The characters are an offbeat mish mash of oddballs and eccentrics but are also in general unsympathetic and crude charictitures. We have the bumbling academic in the shape of Brian, the mildly autistic and socially inept maths whiz kids in the form of the twins, interfering mother in laws, overworked doctors and dimwit policemen to name a few. There were only a couple of characters in the whole book who had any depth. By the end of the book I couldn't care less whether Eva left her bed or stayed there and rotted.
Sue Townsend is known for her witty writing style and whilst there were some laugh out loud moments, particularly when Brian tries to cope with domestic life, there were also a lot of jokes which just got on my nerves. A lot of the humour seemed to be based on giving people silly names or making them look foolish which just seems childish to me.
I have been a fan of Sue Townsend for many years and grew up with the Adrian Mole books. What she does best is sharp social and political satire but this was sadly lacking in her latest book. I think the whole book was meant to be some kind of comment on middle class life but it missed the mark somehow. There is so much potential material for Townsend to work on right now with the Con-Dems in power, the age of austerity and the royals enjoying a surge in popularity that it was a real shame that she did not use the current social climate as the basis of her book.
Being well known for her Adrian Mole series which I read back in the day, I was interested to see Sue Townsend had a new book out which looked to be so different from what she is known for. The title also appealed to me (as i think it does to every woman who ever happens to glance at it) so I gave it a go.
The story is centred around the Beaver family and more specifically Eva; wife to astronomer Brian and mother to twins Brianne and Brian Junior. The story begins on the day the twins first leave for university. Whilst Brian is out driving them there, Eva takes to her bed and makes the conscious decision not to get out again for a year.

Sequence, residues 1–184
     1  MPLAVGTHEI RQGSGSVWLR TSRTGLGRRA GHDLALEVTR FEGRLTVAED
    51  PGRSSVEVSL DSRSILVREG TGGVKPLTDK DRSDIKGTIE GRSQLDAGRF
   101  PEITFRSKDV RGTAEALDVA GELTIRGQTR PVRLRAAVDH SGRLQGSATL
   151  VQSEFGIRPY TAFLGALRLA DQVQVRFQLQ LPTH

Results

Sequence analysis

This book is extremely well written. It would be easy to assume that a book about a woman lying in bed for a year could be boring and slow moving but it is actually very funny, touching and easy to relate to. The reactions to Eva's decision, along with the thoughts of Eva herself allow a deep insight into each of the characters and their complex relationships and although there are some very thought provoking ideas and messages stuffed in there, they are subtle and the book is a light, fun and easy read.
Sue Townsend is an author who is very well known to me for her Adrian Mole series, which was a good portrayal of her writing style of observational humour. I have not read her work for many years, and I was pleasantly surprised last month when my husband bought me this book as a birthday gift last month.
The title alone grabbed me. I am often mentally and physically exhausted myself, so the idea of a woman taking to her bed for an entire year intrigued me. My husband said as he gave it me, that I might get some tips.
The story features what must be on the outside of it, a fairly normal family situation. The Beaver family have a nice normal existence living in a fairly typical house in Leicester. Dad Brian is an Astronomer at the University. Mum Eva is a housewife who keeps the place nice, attends an occasional evening class, and potters, and two teenage children, twins - Brianne and Brian Junior.
We start on the day that Brian is driving the twins to go to University for the first time. Eva finds a stain in her favourite arm chair, and she suddenly decides she has had enough and gets into bed. While there, she makes the decision that she will not actually get up again for a whole year.
Weeks and months pass, and the story is surprisingly quite action packed to say one of the main characters is sat in bed for the whole time.
The humour in this book is a bit strange to me. It starts off with funny anecdotes about a family which falls apart a bit when the kids leave home. You can laugh at Brian's attempts at managing a household, from his cooking disasters, to his inability to know how to handle what his wife is doing.
You lose that humour a bit in some scenes, for example, a very poignant moment when Brian asks Eva how he should organise Christmas, and she takes him step through step the horrors she had endured the year before, and you feel so sorry for the woman as we have all chased our tails at some point in life to try and meet a deadline, and while what she is saying is funny, there is something tragic there too.
I don't know if my background makes me look at this book in a slightly different way to some other people, but I have dealt with some extreme bouts of depression in my time, and I could definitely see a woman on the brink at several points in this story. After all, why else would any human being shrink away from the world by restricting themselves to just one small room unless they were suffering some sort of breakdown.
The story is quite sad in places for me, as this woman has dedicated her life to her family, and she is just a bit lost at the end of the journey as to what should happen for her next.
The pace of this book was pretty good. I found that there was always something interesting to keep me going and I read it pretty quickly in the end over just a couple of evenings. My version is a 437 page hardback, with fairly large typeset, but it still went quickly for me.